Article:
I’m really bad at titling blog posts. I should just start numbering them.
A couple of nights ago, when Erin asked for a story (“No, two stories, daddy.”), instead of reaching for a French volume of Disney animal stories (Fox & Hound, Rescuers, Lion King etc…), which I usually “read” to her in the sense of telling her the story and pointing to the pictures, I plucked Alice In Wonderland from the shelf.
This edition uses old woodcuts as pictures, though not on every page. It isn’t the child-edit of the story, or even the Disney version of the story: it’s Lewis Carroll. I pulled it down on a whim, because as I was thinking about reading to Erin I remembered telling Emily over St. Patrick’s Day that I was going to introduce Erin to some classic Irish stories. I have a book of old folktales, buried somewhere in the garaged bins of paperbacks that have no shelf space in the house. I recalled this wish when I looked for a book in Erin’s room, and lighted upon Alice, and thought “This will do.” Also, it was not in the garage, so that made it perfect.
I didn’t know how Erin was going to handle having a story, mostly without pictures, read to her as she lay in bed. As it turns out, she isn’t great at it. However, the first night we read through the first chapter, right up to the point where Alice eats the piece of cake when she is very, very small and trying to get through the doorway to the garden beyond. During the reading Erin was crawling on me a bit, pulling on my ear (I felt truly ridiculous when she was doing this), trying to climb into the my lap and into the book, and peppering me with questions. The questions weren’t surprising, and sometimes I would answer: “What’s does it Longitude mean?” got a bit of a lecture about map reading. I asked Erin to let me read out loud, which meant no talking from her, and she accommodated me enough that we were at the end of the chapter without too much diversion.
When we reached the end, I asked Erin to tell me what had just happened. There’s a lot of narration, and monologues, in the first chapter, and it would have been hard to follow even without the fact that both the narrator and Alice herself sounded suspiciously like her father, but Erin manged to tell me about the key on the table, drinking the bottle, and eating the cake. That was good enough for me. After she told me that, I gave her a quick summary of the chapter, and then told her we would read the second chapter the next night. We would find out then, I promised, what happened to Alice when she ate the cake.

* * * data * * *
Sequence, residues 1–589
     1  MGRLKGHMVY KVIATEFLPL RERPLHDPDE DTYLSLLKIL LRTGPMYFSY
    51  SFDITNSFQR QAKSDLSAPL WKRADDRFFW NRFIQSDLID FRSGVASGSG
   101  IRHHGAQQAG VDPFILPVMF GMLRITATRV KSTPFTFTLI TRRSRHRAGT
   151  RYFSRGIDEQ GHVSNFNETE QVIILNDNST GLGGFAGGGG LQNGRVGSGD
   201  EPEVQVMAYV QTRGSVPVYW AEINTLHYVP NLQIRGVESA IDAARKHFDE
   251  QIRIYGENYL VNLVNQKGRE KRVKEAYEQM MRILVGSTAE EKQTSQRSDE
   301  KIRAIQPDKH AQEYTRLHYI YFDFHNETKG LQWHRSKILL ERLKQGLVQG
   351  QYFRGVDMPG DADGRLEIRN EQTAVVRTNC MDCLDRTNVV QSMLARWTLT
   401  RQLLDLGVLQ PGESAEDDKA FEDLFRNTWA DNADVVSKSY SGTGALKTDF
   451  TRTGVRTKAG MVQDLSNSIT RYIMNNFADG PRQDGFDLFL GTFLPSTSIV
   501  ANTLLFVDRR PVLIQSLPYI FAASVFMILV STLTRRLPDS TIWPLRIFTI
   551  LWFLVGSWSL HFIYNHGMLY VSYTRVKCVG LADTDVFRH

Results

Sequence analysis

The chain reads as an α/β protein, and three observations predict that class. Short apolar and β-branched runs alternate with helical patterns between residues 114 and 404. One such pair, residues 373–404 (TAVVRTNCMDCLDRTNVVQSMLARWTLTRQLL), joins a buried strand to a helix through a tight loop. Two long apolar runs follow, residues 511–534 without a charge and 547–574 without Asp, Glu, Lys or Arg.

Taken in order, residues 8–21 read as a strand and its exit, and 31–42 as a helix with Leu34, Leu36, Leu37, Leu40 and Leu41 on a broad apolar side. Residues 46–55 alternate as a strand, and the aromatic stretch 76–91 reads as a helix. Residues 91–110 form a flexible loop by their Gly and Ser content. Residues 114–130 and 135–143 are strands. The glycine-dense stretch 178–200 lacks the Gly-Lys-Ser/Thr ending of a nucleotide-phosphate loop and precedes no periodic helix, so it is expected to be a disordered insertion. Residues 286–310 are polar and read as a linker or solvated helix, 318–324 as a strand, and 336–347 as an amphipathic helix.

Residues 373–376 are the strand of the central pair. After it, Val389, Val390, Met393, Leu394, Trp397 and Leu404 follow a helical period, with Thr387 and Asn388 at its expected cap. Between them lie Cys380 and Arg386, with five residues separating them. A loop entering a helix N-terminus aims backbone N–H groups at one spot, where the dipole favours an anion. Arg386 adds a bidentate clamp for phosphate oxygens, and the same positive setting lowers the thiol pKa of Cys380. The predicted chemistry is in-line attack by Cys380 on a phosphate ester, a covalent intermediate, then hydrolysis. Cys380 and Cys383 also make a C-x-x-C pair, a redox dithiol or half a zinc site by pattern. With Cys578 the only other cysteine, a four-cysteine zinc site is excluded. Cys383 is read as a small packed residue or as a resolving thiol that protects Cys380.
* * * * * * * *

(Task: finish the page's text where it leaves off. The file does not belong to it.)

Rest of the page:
Now, Erin already knows what happened to Alice when she ate the cake: she’s seen the Disney version. It helps that she knows the character and basic plot, and that she has little touchstones like the cake and bottle, because there really is a lot of narration. And Alice herself, in her monologues, winds round and round the subject, sometimes speaking quite clearly about the decisions she has in front of her, but other times letting her mind wander. This isn’t the best thing to have happen when you are reading to a three year old. But, as I said, we got through it.
Last night we read chapter two. I again asked Erin to tell me what had just happened at the end of chapter one, and she told me again about the cake. I gave another quick summary, and then started into the chapter. This time Erin was a bit more cooperative (although again with the ear-pulling!), and we soon found ourselves in a conversation between a tiny Alice and a mouse, swimming along in an ocean of tears. The mouse ends the chapter by telling Alice he will explain why he hates cats and dogs so much, but first they must swim to shore. Once again, when we reached the end of the chapter, I asked Erin to tell me what had happened, and she gave me some details. I summarized the chapter for her again, and told her what was going to happen in the next chapter.
Erin is very interested in why the mouse hates cats and dogs. So she is looking forward to getting to chapter three tonight. I am looking forward to mastering all of the different voices I’m going to have to do in the chapters ahead.